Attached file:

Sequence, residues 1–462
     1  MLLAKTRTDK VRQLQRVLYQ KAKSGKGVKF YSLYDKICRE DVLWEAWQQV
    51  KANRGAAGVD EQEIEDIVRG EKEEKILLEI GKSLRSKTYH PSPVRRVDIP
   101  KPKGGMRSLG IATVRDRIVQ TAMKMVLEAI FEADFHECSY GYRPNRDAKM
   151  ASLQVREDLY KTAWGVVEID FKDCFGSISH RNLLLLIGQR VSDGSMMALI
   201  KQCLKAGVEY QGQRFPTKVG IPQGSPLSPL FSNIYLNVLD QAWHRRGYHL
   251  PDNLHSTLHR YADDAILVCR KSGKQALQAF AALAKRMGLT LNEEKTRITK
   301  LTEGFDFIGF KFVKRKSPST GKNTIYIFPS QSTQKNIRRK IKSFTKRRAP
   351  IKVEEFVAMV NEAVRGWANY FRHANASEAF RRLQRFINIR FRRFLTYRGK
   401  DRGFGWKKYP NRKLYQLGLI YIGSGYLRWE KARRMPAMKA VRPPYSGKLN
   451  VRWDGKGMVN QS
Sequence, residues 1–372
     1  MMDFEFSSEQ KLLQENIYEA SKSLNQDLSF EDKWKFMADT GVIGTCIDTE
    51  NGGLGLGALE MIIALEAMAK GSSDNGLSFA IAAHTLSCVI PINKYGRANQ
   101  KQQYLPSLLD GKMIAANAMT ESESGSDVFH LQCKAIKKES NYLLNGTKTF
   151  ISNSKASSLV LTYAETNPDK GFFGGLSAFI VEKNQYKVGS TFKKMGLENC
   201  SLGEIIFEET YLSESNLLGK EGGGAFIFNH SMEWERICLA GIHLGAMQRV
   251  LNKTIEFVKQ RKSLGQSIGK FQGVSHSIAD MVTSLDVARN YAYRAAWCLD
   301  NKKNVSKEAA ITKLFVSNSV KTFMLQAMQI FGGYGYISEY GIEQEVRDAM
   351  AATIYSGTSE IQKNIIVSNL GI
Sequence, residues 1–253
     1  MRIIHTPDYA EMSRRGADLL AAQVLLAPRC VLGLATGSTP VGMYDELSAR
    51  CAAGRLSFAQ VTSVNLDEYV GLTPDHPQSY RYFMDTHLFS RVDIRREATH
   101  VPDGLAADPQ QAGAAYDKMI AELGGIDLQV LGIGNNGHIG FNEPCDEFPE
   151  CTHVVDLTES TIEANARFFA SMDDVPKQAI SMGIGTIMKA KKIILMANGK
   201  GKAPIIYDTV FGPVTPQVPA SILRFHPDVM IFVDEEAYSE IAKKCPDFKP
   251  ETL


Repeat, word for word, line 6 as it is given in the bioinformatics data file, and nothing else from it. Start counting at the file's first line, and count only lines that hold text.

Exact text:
   201  KQCLKAGVEY QGQRFPTKVG IPQGSPLSPL FSNIYLNVLD QAWHRRGYHL